Research News

Mead reviews charter school study related to students with special needs, ELLs

February 25, 2016

A recent report from the School Effectiveness and Inequality Initiative (SEII) investigates the enrollment and achievement of students with special needs and English language learners (ELLs) in oversubscribed charter schools in Boston.

This report is titled, “Special Education and English Language Learner Students in Boston Charter Schools: Impact and Classification.”

Although it finds some interesting and positive patterns deserving of further study, a review of that report co-authored by UW-Madison’s Julie Mead explains how the effects cannot be generalized to support broad advocacy statements such as, “special education and ELL students enrolled in charters perform better on math, English-language arts, science, and writing MCAS tests.”

Julie Mead 2015
Mead
Similarly, the review explains how the SEII report’s positive findings cannot be generalized to charter schools outside Boston or even to most students from these special populations inside Boston.

Mead is a professor with the School of Education’s Department of Educational Leadership and Policy Analysis. She co-authored the review with Mark Weber, a Ph.D. student in Education Theory, Organization and Policy at Rutgers University’s School of Education.

The SEII report considers an important research question about the enrollment and success of special education and ELL students in charter schools, and it claims to “debunk” the common perception that these students are underserved in charters. It concludes that Boston charters and Boston Public Schools enroll similar numbers of both special populations, and that charter attendance has a positive and statistically significant effect for those who enter Boston’s charter school lottery and then enroll after being offered a seat.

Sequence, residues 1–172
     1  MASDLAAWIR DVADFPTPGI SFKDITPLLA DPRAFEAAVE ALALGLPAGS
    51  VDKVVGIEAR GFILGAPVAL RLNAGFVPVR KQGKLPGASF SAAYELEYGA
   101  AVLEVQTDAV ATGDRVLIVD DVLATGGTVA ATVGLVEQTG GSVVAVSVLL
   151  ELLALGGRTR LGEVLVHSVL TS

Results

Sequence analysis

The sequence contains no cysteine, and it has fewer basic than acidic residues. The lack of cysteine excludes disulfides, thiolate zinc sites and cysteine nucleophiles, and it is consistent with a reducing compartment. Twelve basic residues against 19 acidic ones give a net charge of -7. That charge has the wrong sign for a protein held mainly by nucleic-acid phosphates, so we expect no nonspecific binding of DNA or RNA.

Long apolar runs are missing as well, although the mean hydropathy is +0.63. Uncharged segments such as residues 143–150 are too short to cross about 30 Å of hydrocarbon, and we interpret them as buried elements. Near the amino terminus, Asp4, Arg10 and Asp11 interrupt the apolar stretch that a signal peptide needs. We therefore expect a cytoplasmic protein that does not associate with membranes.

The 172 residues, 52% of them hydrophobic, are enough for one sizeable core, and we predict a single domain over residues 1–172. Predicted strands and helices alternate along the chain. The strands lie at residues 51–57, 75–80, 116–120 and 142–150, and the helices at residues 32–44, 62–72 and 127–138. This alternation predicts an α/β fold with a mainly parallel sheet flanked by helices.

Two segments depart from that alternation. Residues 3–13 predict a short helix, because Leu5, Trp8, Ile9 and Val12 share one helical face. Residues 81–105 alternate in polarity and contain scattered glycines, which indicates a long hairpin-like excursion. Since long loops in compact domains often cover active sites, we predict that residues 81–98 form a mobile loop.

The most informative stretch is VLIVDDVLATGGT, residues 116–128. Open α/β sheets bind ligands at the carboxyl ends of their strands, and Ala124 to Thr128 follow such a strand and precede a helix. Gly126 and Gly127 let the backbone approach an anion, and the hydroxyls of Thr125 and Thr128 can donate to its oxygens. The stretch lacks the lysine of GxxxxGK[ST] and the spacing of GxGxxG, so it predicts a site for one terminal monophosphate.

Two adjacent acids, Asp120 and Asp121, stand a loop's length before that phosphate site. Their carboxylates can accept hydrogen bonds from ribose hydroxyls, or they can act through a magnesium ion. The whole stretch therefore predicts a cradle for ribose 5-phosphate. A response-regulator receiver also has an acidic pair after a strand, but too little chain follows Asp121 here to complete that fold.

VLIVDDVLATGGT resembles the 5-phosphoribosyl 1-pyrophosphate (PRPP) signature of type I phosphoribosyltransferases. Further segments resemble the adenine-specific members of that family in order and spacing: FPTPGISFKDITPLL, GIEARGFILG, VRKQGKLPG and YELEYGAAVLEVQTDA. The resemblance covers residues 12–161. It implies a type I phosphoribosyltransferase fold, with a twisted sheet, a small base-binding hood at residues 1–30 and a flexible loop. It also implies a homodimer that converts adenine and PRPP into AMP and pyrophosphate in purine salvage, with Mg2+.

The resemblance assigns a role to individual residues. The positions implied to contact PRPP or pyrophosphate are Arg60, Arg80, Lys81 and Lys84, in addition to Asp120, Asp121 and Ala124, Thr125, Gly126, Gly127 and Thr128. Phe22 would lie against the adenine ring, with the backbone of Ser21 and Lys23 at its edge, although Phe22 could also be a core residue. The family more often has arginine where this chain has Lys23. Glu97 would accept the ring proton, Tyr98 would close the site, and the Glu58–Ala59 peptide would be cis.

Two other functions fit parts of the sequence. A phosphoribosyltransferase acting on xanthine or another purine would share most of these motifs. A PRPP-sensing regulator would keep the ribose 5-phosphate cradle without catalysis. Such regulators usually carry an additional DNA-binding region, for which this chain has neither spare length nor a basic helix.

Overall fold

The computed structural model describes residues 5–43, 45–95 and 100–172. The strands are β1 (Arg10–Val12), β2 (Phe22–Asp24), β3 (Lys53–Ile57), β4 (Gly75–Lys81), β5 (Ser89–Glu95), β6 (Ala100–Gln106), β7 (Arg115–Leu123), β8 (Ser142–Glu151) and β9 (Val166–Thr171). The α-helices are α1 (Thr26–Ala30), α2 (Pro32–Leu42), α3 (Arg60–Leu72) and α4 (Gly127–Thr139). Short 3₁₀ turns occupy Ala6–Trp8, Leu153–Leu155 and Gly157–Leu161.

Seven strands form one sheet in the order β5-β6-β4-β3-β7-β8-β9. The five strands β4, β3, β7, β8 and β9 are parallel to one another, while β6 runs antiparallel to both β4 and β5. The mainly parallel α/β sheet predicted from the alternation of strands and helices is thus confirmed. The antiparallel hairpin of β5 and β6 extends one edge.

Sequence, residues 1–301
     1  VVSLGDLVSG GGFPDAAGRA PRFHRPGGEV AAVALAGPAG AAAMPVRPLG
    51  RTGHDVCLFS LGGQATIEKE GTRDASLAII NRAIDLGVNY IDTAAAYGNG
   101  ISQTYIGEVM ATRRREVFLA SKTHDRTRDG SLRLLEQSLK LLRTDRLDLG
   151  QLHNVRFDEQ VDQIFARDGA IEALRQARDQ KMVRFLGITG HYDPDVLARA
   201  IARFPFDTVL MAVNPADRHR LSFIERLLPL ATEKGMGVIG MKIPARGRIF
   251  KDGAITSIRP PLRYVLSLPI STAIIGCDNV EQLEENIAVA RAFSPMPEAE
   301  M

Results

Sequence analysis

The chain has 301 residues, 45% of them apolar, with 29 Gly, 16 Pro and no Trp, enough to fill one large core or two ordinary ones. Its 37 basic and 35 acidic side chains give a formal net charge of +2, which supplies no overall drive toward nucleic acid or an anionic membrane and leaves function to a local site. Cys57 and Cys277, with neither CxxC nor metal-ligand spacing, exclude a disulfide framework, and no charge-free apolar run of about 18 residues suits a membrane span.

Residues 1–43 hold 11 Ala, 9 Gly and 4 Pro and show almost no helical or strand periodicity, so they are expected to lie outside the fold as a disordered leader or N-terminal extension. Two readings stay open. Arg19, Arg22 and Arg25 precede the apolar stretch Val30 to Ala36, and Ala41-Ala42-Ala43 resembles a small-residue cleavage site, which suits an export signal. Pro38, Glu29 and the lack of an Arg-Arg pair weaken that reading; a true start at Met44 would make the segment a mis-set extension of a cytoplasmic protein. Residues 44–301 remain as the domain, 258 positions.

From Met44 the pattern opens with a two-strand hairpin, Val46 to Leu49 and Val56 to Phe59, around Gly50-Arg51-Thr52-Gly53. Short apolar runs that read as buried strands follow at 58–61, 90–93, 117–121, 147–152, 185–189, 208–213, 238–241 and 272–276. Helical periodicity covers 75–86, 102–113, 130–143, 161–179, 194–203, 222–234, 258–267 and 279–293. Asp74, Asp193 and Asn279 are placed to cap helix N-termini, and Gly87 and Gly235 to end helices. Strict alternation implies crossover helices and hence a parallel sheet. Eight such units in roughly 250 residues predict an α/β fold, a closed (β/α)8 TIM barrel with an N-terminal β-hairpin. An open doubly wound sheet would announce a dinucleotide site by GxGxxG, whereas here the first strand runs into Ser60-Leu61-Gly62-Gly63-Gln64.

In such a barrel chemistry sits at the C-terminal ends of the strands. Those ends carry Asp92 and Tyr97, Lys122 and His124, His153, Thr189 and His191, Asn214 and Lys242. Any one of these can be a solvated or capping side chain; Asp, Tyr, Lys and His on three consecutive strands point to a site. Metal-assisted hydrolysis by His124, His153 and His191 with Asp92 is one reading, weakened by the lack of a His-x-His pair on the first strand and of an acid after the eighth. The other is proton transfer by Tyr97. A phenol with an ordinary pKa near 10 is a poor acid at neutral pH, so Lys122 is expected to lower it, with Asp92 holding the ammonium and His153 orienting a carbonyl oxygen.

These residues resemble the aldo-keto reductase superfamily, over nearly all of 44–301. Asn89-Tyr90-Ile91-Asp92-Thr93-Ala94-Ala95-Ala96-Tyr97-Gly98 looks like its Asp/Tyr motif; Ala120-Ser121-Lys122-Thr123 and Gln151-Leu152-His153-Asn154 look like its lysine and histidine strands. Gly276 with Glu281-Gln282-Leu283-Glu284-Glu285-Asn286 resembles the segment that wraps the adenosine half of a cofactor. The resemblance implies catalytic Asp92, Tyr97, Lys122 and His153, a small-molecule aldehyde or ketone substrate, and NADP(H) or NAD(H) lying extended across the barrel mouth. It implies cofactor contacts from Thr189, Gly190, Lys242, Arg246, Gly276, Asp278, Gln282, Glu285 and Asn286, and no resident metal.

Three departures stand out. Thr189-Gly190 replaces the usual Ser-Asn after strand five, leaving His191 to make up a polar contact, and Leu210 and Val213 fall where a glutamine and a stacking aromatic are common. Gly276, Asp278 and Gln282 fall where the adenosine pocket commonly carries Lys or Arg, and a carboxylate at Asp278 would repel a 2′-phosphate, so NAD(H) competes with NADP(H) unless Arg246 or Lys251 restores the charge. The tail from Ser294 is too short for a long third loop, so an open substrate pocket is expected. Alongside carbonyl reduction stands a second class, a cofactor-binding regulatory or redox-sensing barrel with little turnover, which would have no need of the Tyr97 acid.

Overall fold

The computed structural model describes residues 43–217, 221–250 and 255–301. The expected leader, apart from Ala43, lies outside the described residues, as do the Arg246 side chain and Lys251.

But Mead and Weber point out in their review that the special-population enrollment claims are undercut by the assumptions made and the limitations of the study’s methods. Regarding the primary claim, about positive test score effects, the study is on more solid ground; the reviewers conclude that the models used in the report to estimate the effects are indeed appropriate.

The review also explains the data and analyses are more limited than readers of the report might be lead to believe.

“The effects,” Mead and Weber explain, “can only be generalized to those students who enter the lottery and comply with their assignment to either treatment (charter school) or control (district public schools).”

The study, Mead and Weber add, also offers no context to compare the size of reported gains and it does not adequately examine how or why the reported test score gains are realized; for example, it does not account for peer effects or spending differences. Mead and Weber conclude that ultimately, while this report takes an important step in studying how oversubscribed charters may affect the academic achievement of special needs students, a closer examination is needed in order to accurately inform those making education policy.

To read learn much more about this topic, check out Mead and Weber’s review on the National Education Policy Center website.

And to find, “Special Education and English Language Learner Students in Boston Charter Schools,” by Elizabeth Setren, visit this web page.